And that “stunningly complete” business is no exaggeration. From bedrock safety up to shooting on the move, 14 modules range widely over both obvious and unobvious topics. Carefully disguised as “fun,” interesting” or “incredibly useful” in that latter category are what we believe to be trend-setting, important steps forward that we’re glad to see:
Range Commands — It has been bad instructional design and a relatively dangerous oversight that more—indeed most—civilian shooters have no expectation of operating under these commands and the rules they imply. Director of Training Joseph “Willie” Parent drew the welcome comparison between these and range safety/etiquette, which got us to a second improvement over lesser venues …
Hot Range — The most obvious benefit here is the least important, despite the fact that it’s still damn important: It is the only way to get to the round count we did, which in turn is so advantageous in cementing good technique. Going “hot” and “cold” repeatedly is an incredible time sink, and not as safe as you might suppose (more reps = more chances of failure; practice this in “dry” training!). Never handling your firearm except when under command (“Load and Make Ready” or “Make Ready”) is easy to teach, easy to remember, easy to execute. Work your mags and ammo? Any old time.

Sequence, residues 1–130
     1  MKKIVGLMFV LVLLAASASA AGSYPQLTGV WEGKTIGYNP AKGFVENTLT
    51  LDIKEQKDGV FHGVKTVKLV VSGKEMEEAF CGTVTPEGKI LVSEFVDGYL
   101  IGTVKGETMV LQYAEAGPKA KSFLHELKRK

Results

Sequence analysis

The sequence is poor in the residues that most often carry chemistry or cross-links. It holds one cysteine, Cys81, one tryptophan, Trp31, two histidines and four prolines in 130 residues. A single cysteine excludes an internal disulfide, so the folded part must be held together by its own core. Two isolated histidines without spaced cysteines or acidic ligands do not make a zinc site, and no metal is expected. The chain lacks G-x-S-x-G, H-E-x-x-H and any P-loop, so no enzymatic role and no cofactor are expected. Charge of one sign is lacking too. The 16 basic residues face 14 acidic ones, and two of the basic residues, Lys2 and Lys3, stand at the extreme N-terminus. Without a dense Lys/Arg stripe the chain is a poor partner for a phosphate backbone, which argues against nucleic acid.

Scotty Banks flubs a reload—NOT. Glad the camera caught it, because we didn’t. Try to keep a straight face—or miss the lesson—when Scotty has the floor. Photo by A1F Staff
Note that enforcing holster use from the get-go is why this works: Random and/or inconsistent “stowage” between actual strings of fire is far more accident-prone when you think about it, and necessitates even more wasted time with constant firing line maneuvers.
“Throttle” — One of the most difficult things to do in firearms instruction is to suit the needs of widely varying ability levels in the same course. This conundrum is unwound by three expedients, no less valid for being simple, at least in our view: round count, round count and round count. There is a second and more serious benefit: Because of that high round count, you will reveal a flaw or lapse that your instructors will spot (we sure did). If you don’t then learn something, that’ll be on you.
Competition Is A Good Thing — Given that Glock Professional is the organizational “home” of GSSF and Glock Training, this may not be too surprising. But we’re starting to see this ice thaw elsewhere as well. It is a wise and welcome thing.